Updated: Aug 22
Born in Winthrop, Maine, 17 August 1835, Lewis G. Stone (1835-1907) worked on his grandfather’s farm as a boy. He came to the Boston area as a young man and trained as a machinist. When the Civil War broke out, he enlisted in Company K of the 32nd Massachusetts Volunteer Regiment in August of 1862 and fought with the Army of the Potomac. He was discharged with a disability in December, 1862, in Philadelphia.
Following the war, Stone worked at the Railroad Car Shops. He and his first wife, Mary Lewis Fairbanks Stone, and their son, George L. Stone, born in 1862, lived with his mother-in-law Priscilla Cushman Fairbanks, who ran a boardinghouse in South Dedham. Mary Fairbanks Stone died in 1881 and was buried in Old Parish Cemetery in Norwood. Lewis Stone remarried in 1882; Lewis and Frances Stone had one daughter.
After living in Norwood for a number of years, Stone moved his family to 118 Beech Street, Roslindale. He left the car shops and, for some years, worked as a foreman in the shops at the Charlestown state prison. Eventually, he took a position at the Registry of Deeds where he was a highly regarded employee for some 12 years. Due to his war injury, Stone received an invalid pension beginning in 1889. He was a well-known member and secretary of the Abraham Lincoln Post 11 Grand Army of the Republic (GAR) in Charlestown. In addition, he was a popular member of the Bunker Hill Lodge 22 of the International Order of Odd Fellows in Charlestown for which he served as chaplain, and of the Abenakis Tribe 46, I.O.R.M. of East Boston.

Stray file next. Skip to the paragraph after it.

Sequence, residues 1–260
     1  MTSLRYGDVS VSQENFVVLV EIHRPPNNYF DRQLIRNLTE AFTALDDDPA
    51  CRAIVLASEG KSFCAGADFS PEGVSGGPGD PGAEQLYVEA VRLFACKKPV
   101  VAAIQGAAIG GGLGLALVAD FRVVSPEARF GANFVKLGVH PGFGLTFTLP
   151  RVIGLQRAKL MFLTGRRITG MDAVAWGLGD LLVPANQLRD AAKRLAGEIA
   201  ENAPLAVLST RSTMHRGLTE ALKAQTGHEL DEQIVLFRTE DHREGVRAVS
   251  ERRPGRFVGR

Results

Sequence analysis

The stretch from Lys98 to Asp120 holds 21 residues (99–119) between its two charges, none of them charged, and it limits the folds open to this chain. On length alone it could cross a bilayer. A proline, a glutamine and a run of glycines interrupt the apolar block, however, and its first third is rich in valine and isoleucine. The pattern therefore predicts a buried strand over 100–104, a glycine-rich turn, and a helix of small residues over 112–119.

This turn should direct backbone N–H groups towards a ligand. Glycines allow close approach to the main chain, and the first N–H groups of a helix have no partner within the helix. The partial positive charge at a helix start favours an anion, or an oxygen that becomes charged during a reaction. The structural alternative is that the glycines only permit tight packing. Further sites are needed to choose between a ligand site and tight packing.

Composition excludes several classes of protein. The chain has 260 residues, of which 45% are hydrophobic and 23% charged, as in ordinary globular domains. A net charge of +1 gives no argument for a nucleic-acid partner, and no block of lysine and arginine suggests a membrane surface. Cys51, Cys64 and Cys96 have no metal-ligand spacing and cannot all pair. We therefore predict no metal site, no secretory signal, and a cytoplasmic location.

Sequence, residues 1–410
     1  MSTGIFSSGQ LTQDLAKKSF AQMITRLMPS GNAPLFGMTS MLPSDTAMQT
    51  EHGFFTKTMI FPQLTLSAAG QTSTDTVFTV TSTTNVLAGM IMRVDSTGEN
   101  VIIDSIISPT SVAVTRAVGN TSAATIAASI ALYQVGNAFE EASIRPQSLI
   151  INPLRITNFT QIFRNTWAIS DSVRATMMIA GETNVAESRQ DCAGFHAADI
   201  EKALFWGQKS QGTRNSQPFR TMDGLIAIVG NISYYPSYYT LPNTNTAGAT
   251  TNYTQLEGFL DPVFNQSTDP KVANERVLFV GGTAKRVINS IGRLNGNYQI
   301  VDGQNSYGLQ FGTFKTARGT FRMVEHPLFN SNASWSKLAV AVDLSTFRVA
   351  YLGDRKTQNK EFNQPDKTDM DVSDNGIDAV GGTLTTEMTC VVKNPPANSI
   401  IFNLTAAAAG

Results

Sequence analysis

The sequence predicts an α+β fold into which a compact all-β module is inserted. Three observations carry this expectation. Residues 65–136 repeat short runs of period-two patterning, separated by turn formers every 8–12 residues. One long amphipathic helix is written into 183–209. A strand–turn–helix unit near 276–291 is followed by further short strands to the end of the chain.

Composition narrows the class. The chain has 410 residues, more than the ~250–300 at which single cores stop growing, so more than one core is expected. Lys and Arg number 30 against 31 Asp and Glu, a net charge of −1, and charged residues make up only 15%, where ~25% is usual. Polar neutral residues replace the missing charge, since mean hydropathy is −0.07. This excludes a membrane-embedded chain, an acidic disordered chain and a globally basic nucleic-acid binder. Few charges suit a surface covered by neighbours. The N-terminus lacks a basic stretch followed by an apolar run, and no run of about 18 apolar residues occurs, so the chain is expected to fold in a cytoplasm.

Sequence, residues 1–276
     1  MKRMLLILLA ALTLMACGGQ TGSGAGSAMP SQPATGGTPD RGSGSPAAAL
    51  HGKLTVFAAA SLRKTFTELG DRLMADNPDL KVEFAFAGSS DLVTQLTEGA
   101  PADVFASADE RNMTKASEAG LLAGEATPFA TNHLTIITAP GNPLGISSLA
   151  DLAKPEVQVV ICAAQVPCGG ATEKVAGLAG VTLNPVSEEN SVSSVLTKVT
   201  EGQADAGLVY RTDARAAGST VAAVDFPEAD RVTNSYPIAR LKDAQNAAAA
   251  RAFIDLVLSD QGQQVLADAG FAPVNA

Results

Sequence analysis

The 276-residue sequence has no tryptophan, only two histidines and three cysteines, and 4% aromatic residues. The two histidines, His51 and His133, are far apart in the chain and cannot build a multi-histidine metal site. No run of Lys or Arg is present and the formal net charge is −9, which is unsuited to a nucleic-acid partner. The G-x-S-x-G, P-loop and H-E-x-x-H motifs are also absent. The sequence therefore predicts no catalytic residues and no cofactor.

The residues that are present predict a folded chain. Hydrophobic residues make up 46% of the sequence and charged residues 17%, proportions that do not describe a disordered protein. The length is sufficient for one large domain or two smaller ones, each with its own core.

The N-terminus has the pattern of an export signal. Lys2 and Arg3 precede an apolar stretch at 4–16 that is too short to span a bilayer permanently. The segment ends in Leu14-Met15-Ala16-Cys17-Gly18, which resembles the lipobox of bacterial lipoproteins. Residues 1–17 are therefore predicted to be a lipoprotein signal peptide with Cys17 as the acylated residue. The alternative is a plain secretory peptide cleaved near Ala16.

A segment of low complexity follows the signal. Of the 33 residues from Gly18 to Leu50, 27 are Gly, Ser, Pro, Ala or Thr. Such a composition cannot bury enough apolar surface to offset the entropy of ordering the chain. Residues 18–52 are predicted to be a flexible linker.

At 5:00 pm on Monday, September 16, 1907, Lewis Stone was run over and killed in Dewey Square by Boston Fire Engine 39 responding to what turned out to be a false alarm. His family heard about the accident and, concerned that Stone had not returned home from work, his son-in-law, Frederick Newcombe went to the morgue where he made the identification at 2:00 am.
He left a widow, daughter, and son-in-law. Stone’s service took place at his daughter’s residence, and burial was at Old Parish Cemetery in Norwood alongside his first wife, Mary, and their son, George Lewis Stone, who had died in 1899. Lewis G. Stone’s widow, Frances, who died in 1914, is buried in the family plot as well.